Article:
The Messenger of Allah, (PBUH&HP), said, “I AM LEAVING BEHIND AMONG YOU the two khalifahs after me: the Book of Allah and my bloodline, my Ahl al-Bayt. Both shall never separate from each other until they meet me at the Lake-Font.” (16)

‘Allamah al-Albani declares:

حديث صحيح

It is a sahih hadith. (17)

Imam Ahmad too documents:

حدثنا عبد الله حدثني أبي ثنا الأسود بن عامر ثنا شريك عن الركين عن القاسم بن حسان عن زيد بن ثابت قال قال رسول الله صلى الله عليه و سلم انى تارك فيكم خليفتين كتاب الله حبل ممدود ما بين السماء والأرض أو ما بين السماء إلى الأرض وعترتي أهل بيتي وإنهما لن يتفرقا حتى يردا على الحوض

‘Abd Allah (b. Ahmad) – my father (Ahmad b. Hanbal) – al-Aswad b. ‘Amir – Sharik – al-Rakin – al-Qasim b. Hisan – Zayd b. Thabit:

The Messenger of Allah, (PBUH&HP), said, “I AM LEAVING BEHIND AMONG YOU two khalifahs: the Book of Allah – a rope stretching between the heaven and the earth or from the heaven to the earth – and my bloodline, my Ahl al-Bayt. Both shall never separate from each other until they meet me at the Lake-Font.” (18)

Shaykh al-Arnaut comments:

حديث صحيح بشواهده دون قوله : " وإنهما لن يتفرقا حتى يردا علي الحوض " وهذا إسناد ضعيف لسوء حفظ شريك

The hadith is sahih through its shawahid (witnesses), except his statement “Both shall never separate from each other until they meet me at the Lake-Font.” (19)

Continue in the next article: ( The Prophet appoint a Caliph to stand in his position after his death 2 )

NOTES:

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1. The Quran 4:64

2. Ibn al-Athir, Abu Sa’adat al-Mubarak b. Muhammad al-Jazari, al-Nihayah fi Gharib al-Hadith wa al-Athar (Qum: Muasassat Isma’iliyyan) [annotator: Mahmud Muhammad al-Tanahi and Tahir Ahmad al-Zawi], vol. 2, p. 69

3. There are several verses of the Qur’an which order all believers till the Day of al-Qiyamah to “obey” the Messenger – 4:64, 3:32, , 3:132, 4:13, 4:59, 4:69, 4:80, 5:92, 8:1, 8:20, 8:46, 9:71, 24:47, 24:51, 24:52, 24:54, 24:56, 33:33, 33:66, 33:71, 47:33, 48:17, 49:14, 58:13, and 64:12.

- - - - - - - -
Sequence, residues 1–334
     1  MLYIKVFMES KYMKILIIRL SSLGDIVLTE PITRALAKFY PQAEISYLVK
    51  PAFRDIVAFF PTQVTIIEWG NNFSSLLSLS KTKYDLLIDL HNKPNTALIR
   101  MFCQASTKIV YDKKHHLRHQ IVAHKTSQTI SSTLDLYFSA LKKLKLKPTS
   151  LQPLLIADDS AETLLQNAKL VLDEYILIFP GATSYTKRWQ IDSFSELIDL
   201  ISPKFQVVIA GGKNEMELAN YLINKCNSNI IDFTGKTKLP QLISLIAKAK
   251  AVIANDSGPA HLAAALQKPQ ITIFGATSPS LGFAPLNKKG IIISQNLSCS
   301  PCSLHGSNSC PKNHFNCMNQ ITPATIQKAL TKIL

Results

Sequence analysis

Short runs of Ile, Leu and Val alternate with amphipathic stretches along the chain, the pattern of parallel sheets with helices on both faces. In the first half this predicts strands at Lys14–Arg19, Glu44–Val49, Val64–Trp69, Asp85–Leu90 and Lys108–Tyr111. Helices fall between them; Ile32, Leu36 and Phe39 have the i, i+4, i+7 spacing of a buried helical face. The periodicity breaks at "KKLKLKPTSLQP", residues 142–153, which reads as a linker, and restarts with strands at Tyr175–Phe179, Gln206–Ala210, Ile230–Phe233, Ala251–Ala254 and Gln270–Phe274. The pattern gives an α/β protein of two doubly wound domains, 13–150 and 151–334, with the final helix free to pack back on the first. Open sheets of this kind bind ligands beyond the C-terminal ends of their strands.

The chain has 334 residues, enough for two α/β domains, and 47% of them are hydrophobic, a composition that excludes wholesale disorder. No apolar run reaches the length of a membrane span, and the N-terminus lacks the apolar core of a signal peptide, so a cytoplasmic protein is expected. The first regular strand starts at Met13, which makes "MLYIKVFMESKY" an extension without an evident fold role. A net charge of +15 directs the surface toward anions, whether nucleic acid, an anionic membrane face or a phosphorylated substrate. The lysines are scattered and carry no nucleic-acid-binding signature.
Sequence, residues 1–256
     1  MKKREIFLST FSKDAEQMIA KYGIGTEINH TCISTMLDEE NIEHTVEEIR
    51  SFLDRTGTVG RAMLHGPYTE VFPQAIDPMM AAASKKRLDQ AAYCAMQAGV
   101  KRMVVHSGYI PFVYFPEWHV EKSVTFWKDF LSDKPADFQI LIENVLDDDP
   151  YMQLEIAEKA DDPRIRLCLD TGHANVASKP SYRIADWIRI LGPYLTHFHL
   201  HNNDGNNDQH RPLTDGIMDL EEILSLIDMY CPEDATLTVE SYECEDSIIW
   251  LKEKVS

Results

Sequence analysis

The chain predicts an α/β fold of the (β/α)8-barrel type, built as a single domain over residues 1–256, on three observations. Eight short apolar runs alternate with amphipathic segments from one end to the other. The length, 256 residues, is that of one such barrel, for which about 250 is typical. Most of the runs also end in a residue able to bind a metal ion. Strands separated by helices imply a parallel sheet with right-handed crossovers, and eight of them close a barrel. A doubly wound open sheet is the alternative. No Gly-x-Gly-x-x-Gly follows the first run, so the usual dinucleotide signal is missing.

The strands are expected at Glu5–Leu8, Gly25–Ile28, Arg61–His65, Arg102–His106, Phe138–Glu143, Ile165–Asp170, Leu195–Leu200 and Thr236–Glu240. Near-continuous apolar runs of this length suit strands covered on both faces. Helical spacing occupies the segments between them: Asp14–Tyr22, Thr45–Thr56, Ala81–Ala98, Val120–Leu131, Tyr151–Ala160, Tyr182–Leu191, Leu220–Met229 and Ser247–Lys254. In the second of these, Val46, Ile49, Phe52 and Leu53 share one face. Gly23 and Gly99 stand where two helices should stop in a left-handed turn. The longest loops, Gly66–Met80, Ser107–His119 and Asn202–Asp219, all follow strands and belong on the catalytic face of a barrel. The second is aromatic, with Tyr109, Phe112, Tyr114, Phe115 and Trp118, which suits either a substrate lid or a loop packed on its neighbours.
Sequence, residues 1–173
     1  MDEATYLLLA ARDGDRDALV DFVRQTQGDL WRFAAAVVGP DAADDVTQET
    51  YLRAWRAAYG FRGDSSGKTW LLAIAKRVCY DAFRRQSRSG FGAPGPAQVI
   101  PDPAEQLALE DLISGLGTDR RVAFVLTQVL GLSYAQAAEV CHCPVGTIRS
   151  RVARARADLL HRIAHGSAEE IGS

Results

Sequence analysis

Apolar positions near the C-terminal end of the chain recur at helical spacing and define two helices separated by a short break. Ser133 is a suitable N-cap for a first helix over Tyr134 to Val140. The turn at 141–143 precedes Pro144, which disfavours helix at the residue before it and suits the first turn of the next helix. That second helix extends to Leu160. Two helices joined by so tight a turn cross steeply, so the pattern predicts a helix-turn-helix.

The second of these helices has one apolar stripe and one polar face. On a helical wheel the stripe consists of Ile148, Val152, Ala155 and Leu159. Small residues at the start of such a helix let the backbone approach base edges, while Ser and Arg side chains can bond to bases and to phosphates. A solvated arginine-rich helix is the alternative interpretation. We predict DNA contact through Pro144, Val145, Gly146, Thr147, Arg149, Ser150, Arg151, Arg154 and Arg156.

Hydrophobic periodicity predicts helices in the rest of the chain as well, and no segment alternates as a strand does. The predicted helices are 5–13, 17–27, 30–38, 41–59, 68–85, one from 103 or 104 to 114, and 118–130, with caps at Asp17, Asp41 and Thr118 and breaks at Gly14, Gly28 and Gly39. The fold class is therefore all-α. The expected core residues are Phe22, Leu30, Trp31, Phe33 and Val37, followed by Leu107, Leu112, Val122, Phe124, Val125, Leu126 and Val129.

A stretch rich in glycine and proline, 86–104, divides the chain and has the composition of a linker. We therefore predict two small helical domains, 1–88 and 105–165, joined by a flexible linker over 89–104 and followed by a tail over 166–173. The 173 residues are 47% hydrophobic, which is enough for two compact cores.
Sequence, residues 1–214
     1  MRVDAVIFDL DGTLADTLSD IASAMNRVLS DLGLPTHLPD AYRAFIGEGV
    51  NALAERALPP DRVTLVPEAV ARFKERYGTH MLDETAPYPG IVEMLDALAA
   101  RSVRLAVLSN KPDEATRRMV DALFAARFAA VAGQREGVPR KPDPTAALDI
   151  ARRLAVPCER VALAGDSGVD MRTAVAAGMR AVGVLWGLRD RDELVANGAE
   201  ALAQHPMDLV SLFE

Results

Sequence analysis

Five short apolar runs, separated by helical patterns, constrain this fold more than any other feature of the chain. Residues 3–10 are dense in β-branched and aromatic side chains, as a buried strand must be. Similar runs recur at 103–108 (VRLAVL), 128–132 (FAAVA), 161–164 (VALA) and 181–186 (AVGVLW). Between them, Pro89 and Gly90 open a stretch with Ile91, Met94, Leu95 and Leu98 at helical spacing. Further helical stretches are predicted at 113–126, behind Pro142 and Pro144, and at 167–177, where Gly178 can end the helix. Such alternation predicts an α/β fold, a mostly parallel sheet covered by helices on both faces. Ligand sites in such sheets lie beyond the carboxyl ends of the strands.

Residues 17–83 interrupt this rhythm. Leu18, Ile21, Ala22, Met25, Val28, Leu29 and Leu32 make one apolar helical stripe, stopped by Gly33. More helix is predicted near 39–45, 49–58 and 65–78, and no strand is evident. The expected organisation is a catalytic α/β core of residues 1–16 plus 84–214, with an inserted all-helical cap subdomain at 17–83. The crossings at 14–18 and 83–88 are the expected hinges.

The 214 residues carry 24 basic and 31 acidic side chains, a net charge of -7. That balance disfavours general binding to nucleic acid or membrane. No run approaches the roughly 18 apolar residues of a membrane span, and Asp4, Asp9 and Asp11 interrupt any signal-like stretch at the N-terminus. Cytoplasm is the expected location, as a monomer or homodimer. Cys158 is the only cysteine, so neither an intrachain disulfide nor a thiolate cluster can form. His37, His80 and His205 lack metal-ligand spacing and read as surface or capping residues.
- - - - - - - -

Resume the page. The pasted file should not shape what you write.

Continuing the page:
4. This shows that it is permissible, and in fact the Sunnah, to refer to deputies and substitutes in command roles as amirs.

5. Abu ‘Abd Allah Ahmad b. Hanbal al-Shaybani, Musnad (Cairo: Muasassat Qurtubah) [annotator: Shu’ayb al-Arnaut], vol. 2, p. 511, # 10645

6. Ibid

7. We have discussed instances of this usage in the main body of this book, especially in the chapters on Hadith al-Khilafah and Hadith al-Manzilah.

8. Abu ‘Abd Allah Ahmad b. Hanbal al-Shaybani, Musnad (Cairo: Muasassat Qurtubah) [annotator: Shu’ayb al-Arnaut], vol. 5, p. 99, # 20978

9. Ibid

10. Abu ‘Isa Muhammad b. ‘Isa al-Sulami al-Tirmidhi, al-Jami’ al-Sahih Sunan al-Tirmidhi (Beirut: Dar Ihya al-Turath al-‘Arabi) [annotator: Muhammad Nasir al-Din al-Albani], vol. 4, p. 501, # 2223

11. Ibid

12. Abu ‘Abd Allah Ahmad b. Hanbal al-Shaybani, Musnad (Cairo: Muasassat Qurtubah) [annotator: Shu’ayb al-Arnaut], vol. 5, p. 106, # 21051

13. Ibid

14. Ibid, vol. 5, p. 92, # 20890

15. Ibid

16. Abu Bakr b. Abi ‘Asim, Ahmad b. ‘Amr b. al-Dhahhak b. Mukhlid al-Shaybani, Kitab al-Sunnah (al-Maktab al-Islami; 1st edition, 1400 H) [annotator: Muhammad Nasir al-Din al-Albani], vol. 2, pp. 350-351, # 754

17. Ibid, vol. 2, p. 351, # 754

18. Abu ‘Abd Allah Ahmad b. Hanbal al-Shaybani, Musnad (Cairo: Muasassat Qurtubah) [annotator: Shu’ayb al-Arnaut], vol. 5, p. 181, # 21618

19. Ibid